Having one person in charge of setting up the accounts is a lot of work for that person. But, I can't think of a better way to do it. Can you? Maybe I'm missing something in Diigo that would better facilitate these accounts and groups, etc. If I am, please comment below to inform us all.

Bottom line - the sixth graders in this article are using a tool that is blocked in other schools. These sixth graders are using a tool that they can use for a VERY long time to help them gather and manage and share their online resources, and to enrich their understanding of those resources, and to discuss them with their classmates. If your school blocks Diigo, then someone at your school has decided that your students should not see and use it for those purposes. What do they use instead? ARGH! Don't get me started. :-)

3 comments:

takefive said...

Hi Jim,
Thanks for reading about my classroom's struggle to incorporate Diigo. I completely agree with your idea that it would have been much better to have the librarian or computer teacher set this up for all students for the reasons you outline.

Here's the problem at my school. No one is willing to invest the time to do it. They all don't want to even consider the possibility. The reason I had to do it all was because I was the only person that was willing to do the work, endure the headaches of getting it to work (I'm speaking technologically and entering into a protracted IT conversation to get our network to allow it to work.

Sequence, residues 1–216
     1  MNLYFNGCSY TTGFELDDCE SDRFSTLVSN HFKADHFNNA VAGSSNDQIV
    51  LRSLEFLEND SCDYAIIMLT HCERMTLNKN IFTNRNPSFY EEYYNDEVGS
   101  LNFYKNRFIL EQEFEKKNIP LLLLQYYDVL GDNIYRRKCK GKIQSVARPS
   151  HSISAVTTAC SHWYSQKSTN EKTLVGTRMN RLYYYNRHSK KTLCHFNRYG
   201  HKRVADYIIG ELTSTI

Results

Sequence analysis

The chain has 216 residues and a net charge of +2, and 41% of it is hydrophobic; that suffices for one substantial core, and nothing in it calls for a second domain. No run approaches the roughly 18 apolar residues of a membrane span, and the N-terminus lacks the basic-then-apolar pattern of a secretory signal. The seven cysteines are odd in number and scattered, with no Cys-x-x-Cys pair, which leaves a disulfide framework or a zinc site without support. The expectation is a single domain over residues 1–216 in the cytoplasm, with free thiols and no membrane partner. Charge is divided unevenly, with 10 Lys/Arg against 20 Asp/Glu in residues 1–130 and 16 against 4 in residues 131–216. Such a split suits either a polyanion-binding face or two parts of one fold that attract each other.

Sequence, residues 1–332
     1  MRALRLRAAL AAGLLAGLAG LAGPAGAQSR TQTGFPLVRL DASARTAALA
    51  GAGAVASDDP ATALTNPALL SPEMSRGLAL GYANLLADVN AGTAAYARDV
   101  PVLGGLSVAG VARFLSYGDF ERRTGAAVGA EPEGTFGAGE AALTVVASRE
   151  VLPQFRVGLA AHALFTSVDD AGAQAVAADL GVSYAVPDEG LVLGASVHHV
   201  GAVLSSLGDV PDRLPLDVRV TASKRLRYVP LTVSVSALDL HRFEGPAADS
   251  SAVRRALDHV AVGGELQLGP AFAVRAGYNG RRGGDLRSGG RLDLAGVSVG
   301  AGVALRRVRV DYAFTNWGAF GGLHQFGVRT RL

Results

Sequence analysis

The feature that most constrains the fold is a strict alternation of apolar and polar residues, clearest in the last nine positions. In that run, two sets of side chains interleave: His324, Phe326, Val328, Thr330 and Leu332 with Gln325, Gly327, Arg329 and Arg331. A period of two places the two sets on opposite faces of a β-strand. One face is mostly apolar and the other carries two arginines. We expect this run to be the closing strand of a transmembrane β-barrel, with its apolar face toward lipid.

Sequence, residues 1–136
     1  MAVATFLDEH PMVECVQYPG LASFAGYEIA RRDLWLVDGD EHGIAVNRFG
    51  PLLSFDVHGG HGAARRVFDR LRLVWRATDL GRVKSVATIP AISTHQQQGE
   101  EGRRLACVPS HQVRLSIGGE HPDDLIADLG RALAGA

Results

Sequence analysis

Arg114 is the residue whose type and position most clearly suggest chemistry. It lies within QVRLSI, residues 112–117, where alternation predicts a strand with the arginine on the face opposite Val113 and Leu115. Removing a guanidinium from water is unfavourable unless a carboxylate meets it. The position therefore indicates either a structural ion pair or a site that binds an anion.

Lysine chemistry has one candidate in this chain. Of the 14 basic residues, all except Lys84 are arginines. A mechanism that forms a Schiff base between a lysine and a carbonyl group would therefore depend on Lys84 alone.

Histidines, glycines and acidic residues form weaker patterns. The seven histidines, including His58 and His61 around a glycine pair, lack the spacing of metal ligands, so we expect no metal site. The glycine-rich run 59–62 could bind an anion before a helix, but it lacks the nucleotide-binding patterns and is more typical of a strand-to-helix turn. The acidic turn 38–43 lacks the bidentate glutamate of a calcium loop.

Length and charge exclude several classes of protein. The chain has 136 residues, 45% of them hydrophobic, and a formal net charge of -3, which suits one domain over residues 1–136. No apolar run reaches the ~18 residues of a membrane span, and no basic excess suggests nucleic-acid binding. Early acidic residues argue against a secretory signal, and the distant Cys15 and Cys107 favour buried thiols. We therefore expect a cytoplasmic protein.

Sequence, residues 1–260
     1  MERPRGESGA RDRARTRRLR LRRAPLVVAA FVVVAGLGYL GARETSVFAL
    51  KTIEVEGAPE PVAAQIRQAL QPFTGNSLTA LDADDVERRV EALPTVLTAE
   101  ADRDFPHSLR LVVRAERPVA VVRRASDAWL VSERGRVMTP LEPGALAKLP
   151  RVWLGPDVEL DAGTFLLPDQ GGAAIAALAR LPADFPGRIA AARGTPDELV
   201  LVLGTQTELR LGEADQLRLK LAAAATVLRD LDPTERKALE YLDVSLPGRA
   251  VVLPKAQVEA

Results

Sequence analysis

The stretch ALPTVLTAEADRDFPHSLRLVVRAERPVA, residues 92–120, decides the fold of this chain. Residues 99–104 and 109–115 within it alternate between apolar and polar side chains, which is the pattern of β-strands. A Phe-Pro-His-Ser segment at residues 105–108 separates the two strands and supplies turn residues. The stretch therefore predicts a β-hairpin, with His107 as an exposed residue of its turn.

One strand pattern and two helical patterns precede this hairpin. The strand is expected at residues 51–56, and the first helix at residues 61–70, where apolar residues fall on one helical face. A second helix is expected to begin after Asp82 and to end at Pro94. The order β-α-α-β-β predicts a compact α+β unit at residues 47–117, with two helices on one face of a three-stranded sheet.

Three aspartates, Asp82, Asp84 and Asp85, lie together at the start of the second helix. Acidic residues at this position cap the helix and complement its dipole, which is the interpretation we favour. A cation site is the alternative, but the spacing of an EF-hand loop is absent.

Diigo hasn't been much help in resolving the problems and now I'm stuck in a place where each side is saying it's the other side's issue. My folks say that it's a Diigo problem...that only the first and original downloader of the diigo toolbar can access groups and/or lists. The Diigo people think it's our network persmissions. What is a teacher to do?

I'm 100% supportive of the idea you proposed and wonder if the high school where all these kids will eventually end up shouldn't create the accounts that way they can trickle up from elementary and middle school.

I'm going to pass your idea along and thanks for reading my post. I'm glad that someone out there is reading what I write!!!!

Jim Gates said...

It's so frustrating that I should read your story about using Diigo with your 6th graders in the AM, and then in the PM talk to someone for whom diigo is blocked.

Congratulations for taking the step to do something powerful for your students. Keep up the good fight

Ty Yost said...

Jim,

I was going to be the person at my last school who did this, and you are right, the best way is to create all the accounts and manage groups by a central staff member. We were going to use diigo with our 9th grade info literacy course and branch out from there.

As for blocking, I would like to do a BOF at PETE&C and see if we can brainstorm some ideas on how to open some doors across the state.

Ty Yost
LIU 18